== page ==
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Horrors! Kaleidoscope Theatre’s 40th Season Opens

Story by Sherry Londe
July 22, 2010 Issue

After 15 years, the much-loved and quirky musical Little Shop of Horrors will once again grace the Kaleidoscope Theatre stage in Lynn Haven. The work was part of the theater’s 25th anniversary line-up and has been chosen by audience voters to be part of Kaleidoscope’s 40th Ruby Review Season.

The show itself has quite a history. Originally a low-budget dark comedy film directed by Roger Corman in 1960, it moved to the stage as a musical in 1982 and was adapted back into film—also as a musical—in 1986. This time around at Kaleidoscope, Little Shop is directed by Ray H. Stanley and features Jason Blanks as Seymour and Amy Dobbert as Audrey. Highlighting the doo-wop and early Motown sound of the show will be a live band under the direction of Barbara Monachelli. This winning combination is not to be missed.

Director Stanley enjoys the “campiness and heightened emotional atmosphere of the piece. This show has the largest cast and most elaborate set of our season. I believe it is important to keep a writer’s work pretty much as is, but I took the liberty of changing the voice of Audrey II.” The blood thirsty and ever-growing plant, a series of puppets, will have the voice of a Memphis blues-styled musician Doug Gilliland rather than the customary gospel sound.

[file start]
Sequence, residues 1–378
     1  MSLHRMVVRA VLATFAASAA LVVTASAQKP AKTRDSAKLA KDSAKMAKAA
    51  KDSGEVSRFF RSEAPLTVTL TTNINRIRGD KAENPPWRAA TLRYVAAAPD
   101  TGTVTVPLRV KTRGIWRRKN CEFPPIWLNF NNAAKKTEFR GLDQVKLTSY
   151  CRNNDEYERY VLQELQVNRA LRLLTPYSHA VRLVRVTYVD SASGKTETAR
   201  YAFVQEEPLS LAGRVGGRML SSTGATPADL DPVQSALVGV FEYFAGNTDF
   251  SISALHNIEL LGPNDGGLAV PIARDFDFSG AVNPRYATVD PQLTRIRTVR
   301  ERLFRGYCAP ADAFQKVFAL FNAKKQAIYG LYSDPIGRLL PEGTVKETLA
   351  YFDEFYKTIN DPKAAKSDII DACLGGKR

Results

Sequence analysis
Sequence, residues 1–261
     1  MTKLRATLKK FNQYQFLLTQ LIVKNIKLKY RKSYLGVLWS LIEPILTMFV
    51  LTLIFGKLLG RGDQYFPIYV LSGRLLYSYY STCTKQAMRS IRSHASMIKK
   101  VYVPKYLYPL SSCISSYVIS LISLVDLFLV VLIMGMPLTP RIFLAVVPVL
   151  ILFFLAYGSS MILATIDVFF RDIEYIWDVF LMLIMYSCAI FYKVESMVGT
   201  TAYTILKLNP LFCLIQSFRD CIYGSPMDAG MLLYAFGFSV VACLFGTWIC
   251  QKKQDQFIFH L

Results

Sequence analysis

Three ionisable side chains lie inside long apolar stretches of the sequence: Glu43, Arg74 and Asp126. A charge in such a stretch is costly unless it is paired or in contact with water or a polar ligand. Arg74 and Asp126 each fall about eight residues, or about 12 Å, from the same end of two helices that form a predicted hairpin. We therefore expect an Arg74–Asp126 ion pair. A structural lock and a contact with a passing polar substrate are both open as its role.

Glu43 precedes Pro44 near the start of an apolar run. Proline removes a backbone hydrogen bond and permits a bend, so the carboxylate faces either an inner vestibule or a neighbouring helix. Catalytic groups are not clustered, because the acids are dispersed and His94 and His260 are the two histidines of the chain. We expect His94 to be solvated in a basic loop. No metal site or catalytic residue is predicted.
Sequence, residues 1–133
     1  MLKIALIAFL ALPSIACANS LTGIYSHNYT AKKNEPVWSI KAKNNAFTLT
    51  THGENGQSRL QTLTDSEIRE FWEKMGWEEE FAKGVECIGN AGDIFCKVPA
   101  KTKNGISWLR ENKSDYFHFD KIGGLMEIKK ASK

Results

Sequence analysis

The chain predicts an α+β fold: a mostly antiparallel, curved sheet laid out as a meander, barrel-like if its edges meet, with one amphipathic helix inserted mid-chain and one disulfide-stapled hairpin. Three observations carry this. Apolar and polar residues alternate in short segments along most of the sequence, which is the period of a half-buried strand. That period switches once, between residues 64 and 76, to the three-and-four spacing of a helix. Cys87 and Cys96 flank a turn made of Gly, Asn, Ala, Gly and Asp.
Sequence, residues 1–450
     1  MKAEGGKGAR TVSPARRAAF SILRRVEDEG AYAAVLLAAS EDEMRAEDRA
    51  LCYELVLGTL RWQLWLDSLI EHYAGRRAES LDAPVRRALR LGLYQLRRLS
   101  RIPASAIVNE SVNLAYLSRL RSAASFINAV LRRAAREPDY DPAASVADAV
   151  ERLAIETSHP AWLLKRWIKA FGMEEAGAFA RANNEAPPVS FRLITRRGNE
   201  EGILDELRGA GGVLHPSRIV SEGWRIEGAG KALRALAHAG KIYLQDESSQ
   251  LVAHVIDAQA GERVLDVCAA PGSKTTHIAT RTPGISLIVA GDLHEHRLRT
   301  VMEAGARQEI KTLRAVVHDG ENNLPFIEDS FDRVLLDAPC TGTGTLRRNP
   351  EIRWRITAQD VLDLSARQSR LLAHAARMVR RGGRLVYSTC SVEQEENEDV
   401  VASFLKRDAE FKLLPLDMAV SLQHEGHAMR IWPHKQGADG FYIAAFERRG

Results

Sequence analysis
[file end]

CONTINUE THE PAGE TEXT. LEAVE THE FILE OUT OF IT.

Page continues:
During auditions, Stanley was delighted to find three high school aged thespians to play the urchins/narrators who guide audiencesthrough the story and, when needed, cleverly convert themselves into back-up singers. Blanks, who plays the nebbish Seymour Krelborn, enjoys the “ensemble feel of this show where everyone gets their moments on stage. The real time of the here-and-now in live theater, as opposed to film, makes the fact that everyone gets eaten more palatable. The theater goes dark, there is applause, and the cast takes a bow. All the dying is forgotten.”

It is a tradition for Kaleidoscope to offer an opening night complimentary wine and cheese reception where audiences can mingle with the cast and crew. Throughout the run of Little Shop of Horrors patrons may continue to purchase season tickets or prepay for other upcoming shows.

This is definitely one of those performances where you walk away singing one of several popular tunes. But the next time you find yourself inside a flower shop and are asked to water a plant, beware…


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